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Friday, October 2, 2009

SHIFT

Over the next several weeks, I'm going to be commenting on a book that I picked up last week, SHIFT: What it takes to finally reach families today, by Brian Haynes, a pastor in Texas.

In the preface, he details part of a deathbed conversation with his mother. She asked him a powerful question, "What was the last scripture you taught your kids?"

With that question as his catalyst, chapter 1 tackles the "Cultural Shift" that many of us are up to our elbows in. He ends it with the thought, "What would it be like if the church of Jesus Christ actually influenced the culture in a biblical way?" Great question; last week for my church newsletter article I was going to simply make a list of questions, that one would have made it.

Chapter 2, or, "God's Original Blueprint" is a walk through the Shema, Deuteronomy 6:4-9:

"Hear, O Israel: The LORD our God, the LORD is one. Love the LORD your God with all your heart and with all your soul and with all your strength. These commandments that I give you today are to be upon your hearts. Impress them on your children. Talk about them when you sit at home and when you walk along the road, when you lie down and when you get up. Tie them as symbols on your hands and bind them on your foreheads. Write them on the doorframes of your houses and on your gates."

Brian then writes, "God asks people to first have these commands on their hearts before they ever try to pass them down to their children...To equip generations effectively, we must reach and equip parents."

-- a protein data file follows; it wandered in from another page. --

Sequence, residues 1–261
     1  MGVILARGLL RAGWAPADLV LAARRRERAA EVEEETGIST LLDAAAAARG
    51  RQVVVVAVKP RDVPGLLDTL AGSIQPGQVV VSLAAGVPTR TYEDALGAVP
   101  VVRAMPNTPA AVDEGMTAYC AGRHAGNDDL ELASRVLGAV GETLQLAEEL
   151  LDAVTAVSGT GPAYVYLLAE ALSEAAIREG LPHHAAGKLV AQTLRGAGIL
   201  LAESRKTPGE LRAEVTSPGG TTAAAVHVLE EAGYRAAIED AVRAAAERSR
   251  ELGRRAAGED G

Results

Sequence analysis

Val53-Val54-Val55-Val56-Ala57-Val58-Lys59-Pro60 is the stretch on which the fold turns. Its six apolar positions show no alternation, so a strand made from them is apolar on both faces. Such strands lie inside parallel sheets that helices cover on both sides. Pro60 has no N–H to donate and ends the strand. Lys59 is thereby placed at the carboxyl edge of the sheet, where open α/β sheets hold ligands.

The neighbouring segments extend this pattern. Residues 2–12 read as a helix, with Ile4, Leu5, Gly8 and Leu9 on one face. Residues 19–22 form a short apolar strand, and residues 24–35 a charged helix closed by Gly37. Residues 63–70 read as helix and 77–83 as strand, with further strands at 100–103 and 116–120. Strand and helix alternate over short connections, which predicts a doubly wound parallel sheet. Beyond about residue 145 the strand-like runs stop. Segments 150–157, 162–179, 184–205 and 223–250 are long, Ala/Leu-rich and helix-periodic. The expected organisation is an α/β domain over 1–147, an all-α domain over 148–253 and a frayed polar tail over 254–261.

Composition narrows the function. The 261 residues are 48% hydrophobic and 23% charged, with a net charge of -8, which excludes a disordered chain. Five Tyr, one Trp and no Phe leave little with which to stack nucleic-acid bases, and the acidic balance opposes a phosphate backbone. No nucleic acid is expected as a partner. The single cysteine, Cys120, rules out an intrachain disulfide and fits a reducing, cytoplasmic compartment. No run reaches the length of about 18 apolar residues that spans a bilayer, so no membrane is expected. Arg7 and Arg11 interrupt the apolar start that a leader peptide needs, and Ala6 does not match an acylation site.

What if:
  • parents are unaware of their own spiritual need?
  • parents are unaware of their need to be equipped?
  • parents are unaware of their own need to be reached?
A little later, in a section entitled, "Where We Walked Off the Path", Brian writes that, "The church growth movement redefined success". He talks about the role of the pastor(s) changing from shepherd to strategist. It became a numbers game. And then, in one sentence, Brian describes both children's and youth ministry at our church to a "t".

"We developed children's ministries and youth ministries and gave hired professionals the responsibility for mentoring too many children.

Question: How do we get away from this?

He then has a lengthy section on the need for me, as a minister, to have an authentic, spiritually mentoring relationship with my own family. It was quite convicting.

Here's the cool thing, I found the church where Brian ministers online, and emailed him some questions. He graciously responded. I would love to hear your and his thoughts on the reading.

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